gunfight. You cannot just shoot thousands of rounds and hope that when the time comes, you will just know what to do, be-cause frankly hope is a fools strategy. Secondly, we clearly know that much of why our skills deteri-orate in combat is not because of our physi-cal skills, but rather, because of what is in our mind.

  • EMBRACING TRMIf you want to expand your training to include TRM principles, here are some small changes you can adapt to your own training programs. Although there is much more to learn about CRM vs. TRM, what follows are simple exercises you can undertake to get started. TRM involves much more than is out-lined here, including matching your physical response with your mental focus, though that is beyond

    the scope of this article.

    Hyper-Realisim: Create the same physiology that you would encounter if you had entered into CRM. This means increasing your heart rate, narrowing your focus and causing other cardio and vascular challenges. You can do this through bodyweight exercises as you take on a realistic training scenario. During the scenario focus on thinking about your actions and dont just get through it as this is a sure fire way to train your mind to take over. Your goal should be to overcome the physiology, regain control

    of the situation and purposefully work through the scenario.

    TRM Cycling: The heart of TRM is the ability to switch from tactically aware to tactically focused. During your training force yourself to remain relaxed, in control and aware regardless of the scenario. This may require you to slow down and relearn some of your skills. This is normal, but learn to get into a tacti-cally aware mindset. When you see a threat, of any kind, move to tactically focused. This means that you are calm, focused, you make a clear evolution of the threat and execute your decision. You then immediately move back to tactically awarecalm and in control at all at times. You may find that your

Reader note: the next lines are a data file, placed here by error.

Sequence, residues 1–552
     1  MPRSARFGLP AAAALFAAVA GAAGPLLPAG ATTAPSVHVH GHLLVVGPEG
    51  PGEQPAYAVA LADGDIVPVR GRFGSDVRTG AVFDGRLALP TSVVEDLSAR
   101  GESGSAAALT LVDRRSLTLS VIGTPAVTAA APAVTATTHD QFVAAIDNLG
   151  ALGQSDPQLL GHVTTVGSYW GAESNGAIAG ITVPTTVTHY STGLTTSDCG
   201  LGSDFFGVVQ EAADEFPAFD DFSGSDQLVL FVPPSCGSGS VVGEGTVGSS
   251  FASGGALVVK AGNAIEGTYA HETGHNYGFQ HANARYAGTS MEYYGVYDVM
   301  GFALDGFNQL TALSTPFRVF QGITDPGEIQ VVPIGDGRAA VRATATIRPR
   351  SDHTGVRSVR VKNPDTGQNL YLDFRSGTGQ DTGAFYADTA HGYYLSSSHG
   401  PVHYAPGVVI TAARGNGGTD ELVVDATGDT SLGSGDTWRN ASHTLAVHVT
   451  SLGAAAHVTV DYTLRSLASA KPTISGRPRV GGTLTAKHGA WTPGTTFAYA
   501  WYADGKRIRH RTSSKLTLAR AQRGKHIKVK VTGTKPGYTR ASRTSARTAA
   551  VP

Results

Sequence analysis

naturally fall back to CRM. If this happens, stop, regroup and get into TRM.

    Anytime/Anywhere: You can practice TRM anywhere, even when you are not at the range. Please keep in mind this isnt about the outdated head on a swivel concept. This is a very clear decision that you are tactically aware, you are in control and most of all you are relaxed. You can then pretend to see a threat and switch to tactically focused. The more times you practice this behavior, especially outside

    the range, the more natural it will become.

  • NUM

    BERS

    32

    NUM

    BERS

    6,872

    52,386

    320,000

    400,000

    2,700,000

    970,000

    DEATHSIraq and Afghanistan since 2001

    WOUNDEDIraq and Afghanistan since 2001

    ESTIMATED TBISIraq and Afghanistan since 2001

    ESTIMATED WITH PTSDIraq and Afghanistan since 2001*numbers compiled as of December 1, 2015http://www.woundedwarriorproject.org

    2.7 million service members have been to the war zones of Iraq and Afghanistan since 2001, and over half of them have de-ployed more than once.http://watson.brown.edu/costsofwar/costs/human/veterans

    At least 970,000 veterans have some de-gree of officially recognized disability as a result of the wars. Many more live with physical and emotional scars despite lack of disability status.http://watson.brown.edu/costsofwar/costs/human/veterans

    NUMBERSA GLOBAL VIEWPOINT

  • CALLcan make

    a difference.

    Served 1999-2003

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  • Journal of Counterterrorism & Homeland Security International Vol. 20, No.4